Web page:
4. Contrast Dye (if used): If contrast dye is required for your scan, a healthcare provider will insert an intravenous (IV) line into a vein, usually in your arm.

  5. Positioning: You'll be positioned on the CT scanner table, often with your head secured in a brace or cushion to minimize movement.

  6. Communication: You'll be able to communicate with the technician via an intercom or other communication system.

  7. Scan: The CT scanner will move around you to capture detailed cross-sectional images of your brain. It's essential to remain as still as possible during the scan.

  8. Contrast Injection (if used): If contrast dye is needed, it may be injected through the IV during the scan. You might feel a warm sensation or a metallic taste.

  9. Breath-Holding (if necessary): In some cases, you may be asked to briefly hold your breath during specific scans to reduce motion artifacts.

  10. Scan Completion: Once the scan is complete, you'll be asked to wait briefly while the technician reviews the images to ensure they are clear.

  11. Removal of IV (if used): If contrast dye was administered through an IV, the IV line will be removed.

  12. Post-Scan: There is typically no special recovery needed, and you can usually resume normal activities immediately.

  13. Results: The CT scan images will be reviewed by a radiologist who will generate a report for your healthcare provider.

  14. Follow-Up: Schedule a follow-up appointment with your healthcare provider to discuss the results and any further steps if necessary.


CT Scan of Brain Results

Here are some common elements you might find in a CT scan of the brain report:

  1. Patient Information: This section contains your name, date of birth, and other identifying information.

  2. Clinical History: Information provided by your referring physician regarding the reason for the CT scan.

  3. Technique: Details about how the scan was performed, including the type of CT scanner used and whether contrast dye was administered.

  4. Findings: This is the most critical section and includes the radiologist's observations. It may cover:

    • Brain Structures: The report will describe the appearance of various brain structures, including the cerebral cortex, ventricles, and cerebellum.
    • Abnormalities: Any abnormalities detected, such as tumors, cysts, bleeding, or areas of ischemia (reduced blood flow).
    • Trauma: In the case of head trauma, the report may note any fractures or other injuries.
    • Vascular Issues: Evaluation of blood vessels and potential issues such as aneurysms or arteriovenous malformations.
    • Sinuses: Assessment of the paranasal sinuses for issues like sinusitis.
  5. Impressions: A summary of the radiologist's findings, typically including the diagnosis or their impression of the condition.

  6. Recommendations: If further evaluation or medical follow-up is necessary, the report may include recommendations for additional tests or consultations with specialists.

  7. Conclusions: A final statement or conclusion regarding the overall assessment.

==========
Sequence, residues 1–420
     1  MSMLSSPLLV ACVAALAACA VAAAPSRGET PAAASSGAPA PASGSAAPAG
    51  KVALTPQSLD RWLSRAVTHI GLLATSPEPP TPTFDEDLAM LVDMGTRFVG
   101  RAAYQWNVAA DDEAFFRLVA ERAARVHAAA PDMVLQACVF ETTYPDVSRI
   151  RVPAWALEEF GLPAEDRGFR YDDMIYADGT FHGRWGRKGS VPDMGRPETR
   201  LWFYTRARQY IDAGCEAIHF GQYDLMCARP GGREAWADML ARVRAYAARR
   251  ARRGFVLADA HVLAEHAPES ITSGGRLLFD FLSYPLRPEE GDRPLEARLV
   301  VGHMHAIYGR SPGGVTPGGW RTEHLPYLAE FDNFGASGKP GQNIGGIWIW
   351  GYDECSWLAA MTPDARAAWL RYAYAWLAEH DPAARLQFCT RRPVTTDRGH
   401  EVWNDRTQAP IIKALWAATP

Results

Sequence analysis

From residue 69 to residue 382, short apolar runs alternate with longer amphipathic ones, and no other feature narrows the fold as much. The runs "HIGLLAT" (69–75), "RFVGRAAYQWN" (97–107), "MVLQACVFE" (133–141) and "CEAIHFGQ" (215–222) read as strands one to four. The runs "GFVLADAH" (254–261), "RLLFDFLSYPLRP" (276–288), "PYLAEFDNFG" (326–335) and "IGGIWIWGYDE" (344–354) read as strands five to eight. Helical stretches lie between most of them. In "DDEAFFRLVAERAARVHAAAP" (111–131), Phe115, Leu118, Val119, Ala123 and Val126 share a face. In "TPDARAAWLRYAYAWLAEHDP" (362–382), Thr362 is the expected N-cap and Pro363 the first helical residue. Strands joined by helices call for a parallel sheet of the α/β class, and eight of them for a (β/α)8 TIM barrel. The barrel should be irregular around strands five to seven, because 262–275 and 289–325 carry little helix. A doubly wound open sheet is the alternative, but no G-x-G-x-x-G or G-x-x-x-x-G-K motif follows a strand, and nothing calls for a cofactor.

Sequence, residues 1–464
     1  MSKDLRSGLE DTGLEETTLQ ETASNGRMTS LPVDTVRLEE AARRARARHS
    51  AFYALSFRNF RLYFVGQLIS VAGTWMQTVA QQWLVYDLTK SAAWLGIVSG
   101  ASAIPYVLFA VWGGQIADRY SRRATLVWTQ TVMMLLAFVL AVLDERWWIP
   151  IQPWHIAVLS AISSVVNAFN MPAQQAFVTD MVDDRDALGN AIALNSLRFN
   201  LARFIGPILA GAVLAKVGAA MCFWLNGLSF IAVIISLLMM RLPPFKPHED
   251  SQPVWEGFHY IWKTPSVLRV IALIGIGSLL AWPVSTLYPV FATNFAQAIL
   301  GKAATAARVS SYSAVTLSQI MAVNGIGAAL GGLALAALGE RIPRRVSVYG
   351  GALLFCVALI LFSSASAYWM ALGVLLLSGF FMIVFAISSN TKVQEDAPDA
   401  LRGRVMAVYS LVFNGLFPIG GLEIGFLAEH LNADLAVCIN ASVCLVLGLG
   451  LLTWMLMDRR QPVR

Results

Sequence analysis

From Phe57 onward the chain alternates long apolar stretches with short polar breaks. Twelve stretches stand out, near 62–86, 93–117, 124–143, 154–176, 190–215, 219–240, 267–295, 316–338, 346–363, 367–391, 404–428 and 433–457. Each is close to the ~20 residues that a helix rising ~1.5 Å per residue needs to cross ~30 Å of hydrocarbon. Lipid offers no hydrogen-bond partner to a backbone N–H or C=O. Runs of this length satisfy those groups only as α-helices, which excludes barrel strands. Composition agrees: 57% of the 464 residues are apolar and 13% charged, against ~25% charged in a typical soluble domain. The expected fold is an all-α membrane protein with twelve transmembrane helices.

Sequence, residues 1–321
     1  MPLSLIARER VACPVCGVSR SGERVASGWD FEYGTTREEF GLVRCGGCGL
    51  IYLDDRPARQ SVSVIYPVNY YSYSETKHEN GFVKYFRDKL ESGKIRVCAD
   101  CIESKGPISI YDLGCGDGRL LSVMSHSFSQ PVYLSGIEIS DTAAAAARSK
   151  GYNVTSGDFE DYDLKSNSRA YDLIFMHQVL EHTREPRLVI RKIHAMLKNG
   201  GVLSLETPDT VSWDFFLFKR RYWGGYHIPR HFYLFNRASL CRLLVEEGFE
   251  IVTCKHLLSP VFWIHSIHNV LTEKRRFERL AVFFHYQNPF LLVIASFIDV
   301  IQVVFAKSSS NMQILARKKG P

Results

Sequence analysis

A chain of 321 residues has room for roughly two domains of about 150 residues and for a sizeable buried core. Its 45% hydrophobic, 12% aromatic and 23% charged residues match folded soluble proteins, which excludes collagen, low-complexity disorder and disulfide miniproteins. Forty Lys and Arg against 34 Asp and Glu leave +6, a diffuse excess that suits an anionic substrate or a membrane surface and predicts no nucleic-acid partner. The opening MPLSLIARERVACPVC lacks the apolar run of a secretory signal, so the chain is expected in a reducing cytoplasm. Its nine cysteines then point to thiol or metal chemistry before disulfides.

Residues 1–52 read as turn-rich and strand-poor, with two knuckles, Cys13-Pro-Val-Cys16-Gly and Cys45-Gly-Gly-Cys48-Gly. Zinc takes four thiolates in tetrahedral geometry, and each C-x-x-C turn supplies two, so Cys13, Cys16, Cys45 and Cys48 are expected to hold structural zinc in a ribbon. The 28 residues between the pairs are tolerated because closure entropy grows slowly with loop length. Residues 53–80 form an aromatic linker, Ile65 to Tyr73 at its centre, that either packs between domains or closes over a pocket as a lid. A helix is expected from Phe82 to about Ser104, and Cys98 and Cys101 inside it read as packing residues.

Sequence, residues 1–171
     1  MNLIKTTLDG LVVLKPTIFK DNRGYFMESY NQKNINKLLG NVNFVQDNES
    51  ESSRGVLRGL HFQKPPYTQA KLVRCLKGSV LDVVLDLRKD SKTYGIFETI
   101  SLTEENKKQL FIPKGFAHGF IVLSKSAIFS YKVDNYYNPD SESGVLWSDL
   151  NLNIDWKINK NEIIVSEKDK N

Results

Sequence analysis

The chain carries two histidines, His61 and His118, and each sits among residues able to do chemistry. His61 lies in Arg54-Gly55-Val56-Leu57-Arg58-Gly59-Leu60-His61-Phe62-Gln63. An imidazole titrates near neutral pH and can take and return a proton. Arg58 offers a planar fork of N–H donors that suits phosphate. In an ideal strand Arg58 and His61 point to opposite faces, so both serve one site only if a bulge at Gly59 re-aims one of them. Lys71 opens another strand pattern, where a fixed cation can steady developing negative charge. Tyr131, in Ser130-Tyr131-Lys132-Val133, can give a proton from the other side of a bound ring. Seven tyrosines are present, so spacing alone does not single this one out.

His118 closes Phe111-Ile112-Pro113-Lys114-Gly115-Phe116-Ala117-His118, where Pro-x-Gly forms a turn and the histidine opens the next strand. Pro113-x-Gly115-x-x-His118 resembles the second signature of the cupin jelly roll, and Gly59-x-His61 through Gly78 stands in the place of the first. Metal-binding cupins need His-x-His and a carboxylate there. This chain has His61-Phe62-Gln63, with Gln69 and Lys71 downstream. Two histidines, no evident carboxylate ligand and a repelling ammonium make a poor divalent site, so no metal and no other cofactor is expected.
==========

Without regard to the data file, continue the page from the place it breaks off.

It's important to note that only a qualified healthcare professional, such as your referring physician or a neurologist, can provide a definitive interpretation of the CT scan report. They will discuss the results with you, explain the implications, and recommend any necessary treatments or follow-up actions based on the findings.


How Long Does a Brain CT Scan Take?

Aspect of Brain CT Scan Duration
Preparation and Check-In 10-15 minutes
Actual Scan (without contrast dye) 5-10 minutes
Actual Scan (with contrast dye) 10-15 minutes
Total Time (without contrast dye) 15-25 minutes
Total Time (with contrast dye) 20-30 minutes


CT Scan Brain Report

Brain CT Scan Report - Drlogy


Brain CT Scan Report Sample PDF


Brain CT Scan Limitation

Here are some limitaion associated with a brain CT scan:

  • Limited Soft Tissue Detail: Brain CT scans may not provide as much soft tissue detail as an MRI, making it less suitable for certain conditions like small tumors or inflammation.
  • Limited Functional Information: CT scans primarily show structural information; they do not provide functional data such as blood flow or metabolic activity, which can be crucial for some diagnoses.
  • Radiation Exposure: Although the radiation dose is low, repeated CT scans may accumulate radiation exposure, raising concerns about potential long-term risks.


Brain CT Scan Risk Factors

Here are some risk factors associated with a brain CT scan:

  • Radiation Exposure: CT scans involve ionizing radiation, which carries a small risk of long-term radiation-related effects, especially with repeated scans.
  • Contrast Dye Allergy: If contrast dye is used, there is a risk of an allergic reaction, though it is relatively rare.
  • Pregnancy Consideration: While the radiation exposure in a single CT scan is generally considered safe for most adults, it may not be recommended during pregnancy, especially in the first trimester, unless the benefits outweigh the risks.


Exploring the Safety of CT Brain Scans: Myth vs. Reality